Comments: Eating Local in August


Dear Meg:

I hate you!

Just kidding, but I am so-o-o-o jealous that you had such sweet, yummy corn, and are torturing me (and the rest of us Americans in Paris) with that photo and description.

I've bought corn in Chinatown here, which is ok, but Romain bought two ears of cryvac'd corn-on-the-cob, which were cooked to a mush so vile that even a starving pig (or supermodel) wouldn't eat them! I tried though...

In Connecticut, where I grew up, we called yellow & white corn "Butter and Sugar" corn. I don't know if that's the official title, but that's certainly what I remember it tasting like.

I can't claim to have the same emotional relationship to sweetcorn as you do (I'm from London, where you don't exactly have sweetcorn stands on every corner), but I was absolutely thrilled last week to discover squeaky fresh corn still in the husk, not a whisper of plastic wrapping and I assume locally grown, in a terrific produce store not too far from Paris called the Jardins du Mesnil, in Le Mesnil le Roi, in the Yvelines. It's a little far to go just to buy corn I realise, but just so you know, some farmer somewhere is saving the corn for human beings, rather than tossing it straight to the animals. We barbecued them in the husk, and it was a treat.

PS I'll grow corn for you if you bring me back some seeds!

Natasha, it's a deal! And thanks for the tip - I may just have to trek out your way this weekend!

I, too, was surprised to find corn in the store last week out here in the Western Burbs. I was sceptical so I peeled back the leaves on each ear to check before buying. The corn did take longer to cook, just like you said. This ain't no sweet Alabama corn like we get there in early summer! But, 'twas corn nevertheless and it was pretty good.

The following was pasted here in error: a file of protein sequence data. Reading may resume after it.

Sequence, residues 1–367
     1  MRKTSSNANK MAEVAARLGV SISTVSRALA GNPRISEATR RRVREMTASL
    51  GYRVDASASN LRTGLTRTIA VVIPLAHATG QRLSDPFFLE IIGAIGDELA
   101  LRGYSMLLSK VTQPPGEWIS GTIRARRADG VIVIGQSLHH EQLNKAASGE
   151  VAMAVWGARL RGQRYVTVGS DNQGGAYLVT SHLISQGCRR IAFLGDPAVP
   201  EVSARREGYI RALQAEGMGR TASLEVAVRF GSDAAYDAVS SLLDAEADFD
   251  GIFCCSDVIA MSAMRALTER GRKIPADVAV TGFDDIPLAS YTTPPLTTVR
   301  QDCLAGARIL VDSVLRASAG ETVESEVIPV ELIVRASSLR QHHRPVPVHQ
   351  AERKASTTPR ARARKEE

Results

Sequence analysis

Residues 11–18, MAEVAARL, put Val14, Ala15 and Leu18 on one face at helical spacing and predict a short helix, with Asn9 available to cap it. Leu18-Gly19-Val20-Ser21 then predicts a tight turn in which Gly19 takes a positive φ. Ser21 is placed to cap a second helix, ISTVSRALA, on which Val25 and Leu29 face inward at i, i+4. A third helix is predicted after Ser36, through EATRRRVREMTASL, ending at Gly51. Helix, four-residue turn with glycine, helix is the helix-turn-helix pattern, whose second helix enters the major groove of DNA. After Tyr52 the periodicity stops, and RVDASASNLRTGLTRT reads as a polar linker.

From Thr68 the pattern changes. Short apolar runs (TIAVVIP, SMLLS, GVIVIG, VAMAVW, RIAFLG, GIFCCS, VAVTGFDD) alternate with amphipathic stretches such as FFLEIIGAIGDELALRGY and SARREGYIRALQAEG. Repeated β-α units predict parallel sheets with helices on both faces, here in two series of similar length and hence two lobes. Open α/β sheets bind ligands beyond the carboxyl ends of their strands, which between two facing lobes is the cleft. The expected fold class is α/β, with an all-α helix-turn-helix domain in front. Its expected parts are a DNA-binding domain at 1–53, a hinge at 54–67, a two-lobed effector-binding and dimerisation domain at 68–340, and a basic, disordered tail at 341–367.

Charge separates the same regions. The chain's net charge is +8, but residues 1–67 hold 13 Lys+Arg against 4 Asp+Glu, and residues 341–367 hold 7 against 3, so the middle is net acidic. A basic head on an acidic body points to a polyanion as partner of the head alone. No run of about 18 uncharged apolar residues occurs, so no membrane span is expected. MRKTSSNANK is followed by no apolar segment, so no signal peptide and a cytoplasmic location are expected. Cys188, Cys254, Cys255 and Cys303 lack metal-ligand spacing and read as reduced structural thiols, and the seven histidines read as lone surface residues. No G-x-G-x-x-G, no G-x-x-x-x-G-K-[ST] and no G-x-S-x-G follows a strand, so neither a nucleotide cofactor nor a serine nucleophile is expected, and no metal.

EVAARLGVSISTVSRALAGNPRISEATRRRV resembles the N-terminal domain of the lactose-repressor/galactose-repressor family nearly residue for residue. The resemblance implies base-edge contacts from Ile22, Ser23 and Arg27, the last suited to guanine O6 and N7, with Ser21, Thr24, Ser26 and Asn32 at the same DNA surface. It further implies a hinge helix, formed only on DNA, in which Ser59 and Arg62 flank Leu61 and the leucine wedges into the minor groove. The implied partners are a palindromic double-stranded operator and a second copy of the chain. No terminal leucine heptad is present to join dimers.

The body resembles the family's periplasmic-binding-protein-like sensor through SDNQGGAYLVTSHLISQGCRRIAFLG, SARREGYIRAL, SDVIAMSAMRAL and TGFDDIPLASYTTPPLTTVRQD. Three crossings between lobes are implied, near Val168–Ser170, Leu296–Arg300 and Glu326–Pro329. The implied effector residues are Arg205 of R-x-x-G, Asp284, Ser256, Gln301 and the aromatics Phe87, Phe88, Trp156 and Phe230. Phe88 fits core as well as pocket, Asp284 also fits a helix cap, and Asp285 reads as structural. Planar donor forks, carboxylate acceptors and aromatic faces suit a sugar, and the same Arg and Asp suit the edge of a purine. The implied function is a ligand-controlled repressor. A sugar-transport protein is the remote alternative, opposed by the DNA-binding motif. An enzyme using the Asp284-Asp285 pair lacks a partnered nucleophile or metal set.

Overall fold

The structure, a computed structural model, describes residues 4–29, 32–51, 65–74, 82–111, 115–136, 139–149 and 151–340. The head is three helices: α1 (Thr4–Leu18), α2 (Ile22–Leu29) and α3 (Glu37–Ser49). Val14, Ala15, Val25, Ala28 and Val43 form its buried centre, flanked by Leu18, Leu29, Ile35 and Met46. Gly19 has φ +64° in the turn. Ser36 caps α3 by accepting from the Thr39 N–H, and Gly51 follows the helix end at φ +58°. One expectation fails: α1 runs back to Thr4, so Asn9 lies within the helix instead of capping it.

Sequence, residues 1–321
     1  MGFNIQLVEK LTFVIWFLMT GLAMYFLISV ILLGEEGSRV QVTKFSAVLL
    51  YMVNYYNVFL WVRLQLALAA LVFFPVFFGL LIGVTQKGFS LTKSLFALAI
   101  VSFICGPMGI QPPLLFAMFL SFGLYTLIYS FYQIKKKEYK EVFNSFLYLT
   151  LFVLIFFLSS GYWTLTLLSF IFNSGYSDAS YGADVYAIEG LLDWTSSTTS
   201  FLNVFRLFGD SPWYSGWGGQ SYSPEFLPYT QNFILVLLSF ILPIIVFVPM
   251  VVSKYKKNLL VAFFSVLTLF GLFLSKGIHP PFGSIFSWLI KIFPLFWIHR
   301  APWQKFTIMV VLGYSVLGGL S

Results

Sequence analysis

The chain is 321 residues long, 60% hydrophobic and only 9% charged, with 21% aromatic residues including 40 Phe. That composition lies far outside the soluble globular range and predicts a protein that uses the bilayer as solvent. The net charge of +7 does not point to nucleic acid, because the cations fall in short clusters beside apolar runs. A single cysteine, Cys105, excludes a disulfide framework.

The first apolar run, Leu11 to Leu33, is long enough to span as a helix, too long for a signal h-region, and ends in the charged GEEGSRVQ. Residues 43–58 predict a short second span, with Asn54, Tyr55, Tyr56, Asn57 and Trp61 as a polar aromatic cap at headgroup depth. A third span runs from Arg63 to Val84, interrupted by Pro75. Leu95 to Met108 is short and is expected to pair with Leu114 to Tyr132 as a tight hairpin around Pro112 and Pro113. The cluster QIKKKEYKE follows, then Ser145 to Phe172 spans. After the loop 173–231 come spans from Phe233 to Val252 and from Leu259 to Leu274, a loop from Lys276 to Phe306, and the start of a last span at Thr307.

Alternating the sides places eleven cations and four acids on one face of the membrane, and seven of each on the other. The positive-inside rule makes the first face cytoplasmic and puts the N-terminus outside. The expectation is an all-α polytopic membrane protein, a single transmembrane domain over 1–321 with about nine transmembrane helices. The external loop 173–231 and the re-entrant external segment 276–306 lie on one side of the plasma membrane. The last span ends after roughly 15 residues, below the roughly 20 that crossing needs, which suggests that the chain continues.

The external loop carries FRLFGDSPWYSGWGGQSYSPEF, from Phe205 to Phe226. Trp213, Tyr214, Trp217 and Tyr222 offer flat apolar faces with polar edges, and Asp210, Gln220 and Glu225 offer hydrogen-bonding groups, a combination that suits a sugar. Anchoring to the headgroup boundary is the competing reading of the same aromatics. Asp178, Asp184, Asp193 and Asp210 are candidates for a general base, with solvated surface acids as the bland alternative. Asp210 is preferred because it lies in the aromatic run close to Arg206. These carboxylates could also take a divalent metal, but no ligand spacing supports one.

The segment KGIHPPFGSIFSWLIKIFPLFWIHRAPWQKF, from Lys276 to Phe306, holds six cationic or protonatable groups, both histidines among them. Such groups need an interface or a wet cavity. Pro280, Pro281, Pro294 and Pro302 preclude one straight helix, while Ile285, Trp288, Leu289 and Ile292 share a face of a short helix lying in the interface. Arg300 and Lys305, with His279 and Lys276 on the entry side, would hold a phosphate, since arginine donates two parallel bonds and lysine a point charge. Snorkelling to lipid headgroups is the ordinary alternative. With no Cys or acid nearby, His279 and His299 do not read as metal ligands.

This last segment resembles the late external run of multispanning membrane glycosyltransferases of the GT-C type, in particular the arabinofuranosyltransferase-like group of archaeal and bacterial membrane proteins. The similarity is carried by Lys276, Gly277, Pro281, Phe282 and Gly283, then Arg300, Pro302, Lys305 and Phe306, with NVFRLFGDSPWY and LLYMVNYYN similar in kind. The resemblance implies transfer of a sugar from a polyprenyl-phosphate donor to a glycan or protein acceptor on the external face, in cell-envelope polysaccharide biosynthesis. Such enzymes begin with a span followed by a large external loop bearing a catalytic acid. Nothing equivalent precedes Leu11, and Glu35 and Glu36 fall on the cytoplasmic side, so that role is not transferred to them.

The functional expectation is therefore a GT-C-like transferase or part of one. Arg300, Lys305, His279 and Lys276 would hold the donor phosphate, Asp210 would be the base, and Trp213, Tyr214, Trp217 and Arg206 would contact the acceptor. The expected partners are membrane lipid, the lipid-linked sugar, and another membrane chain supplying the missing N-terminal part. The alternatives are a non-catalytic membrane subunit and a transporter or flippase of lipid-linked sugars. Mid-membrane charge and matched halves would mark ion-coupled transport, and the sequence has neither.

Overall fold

The funny part was the check-out girl just stared at the cobs in the bag and said, "What IS this?" The she had to hunt for a good 3 minutes to find the veggie code to ring them up. When I got home I discovered that she has charged me 2.95 Euros per cob instead of just 70 cents each. That makes for some expensive, mediocre corn but still a pleaure in Paris.

By the way, you can go out to one of the U Pick It farms around Paris (Ferme de Gally in the west) and pick your own corn in late fall.


Geni, I've heard of the Ferme de Gally and have been meaning to check it out. Now that I know they have corn I might just have to finally get round to it!

'Peaches and Cream' (single quote marks) is a specific named variety of bi-color sweet corn.

I love corn too so I understand your grief. I am a packet seed sales rep in Califorinia; I always have lots of outdated seed this time of year and I'd be glad to send you some seed to plant or give to another urban farmer. Just bear in mind that corn needs to be planted in plots of at least 4 feet by 4 feet so as to get good pollination. Usually wind carries pollen from one stalk to another, so plant in blocks, not long single rows.

Let me know if you'd like some seed, and what type: yellow, white or bicolor. I don't want to advertise, so I won't list our brand, but it is very high-germination rate seed. (It is possible you had gotten hold of some poor seed).

good luck--corn (planting)season is just 6 months away!

ps THANKS for putting that ADVERTISING POLICY in red! I almost didn't see it....

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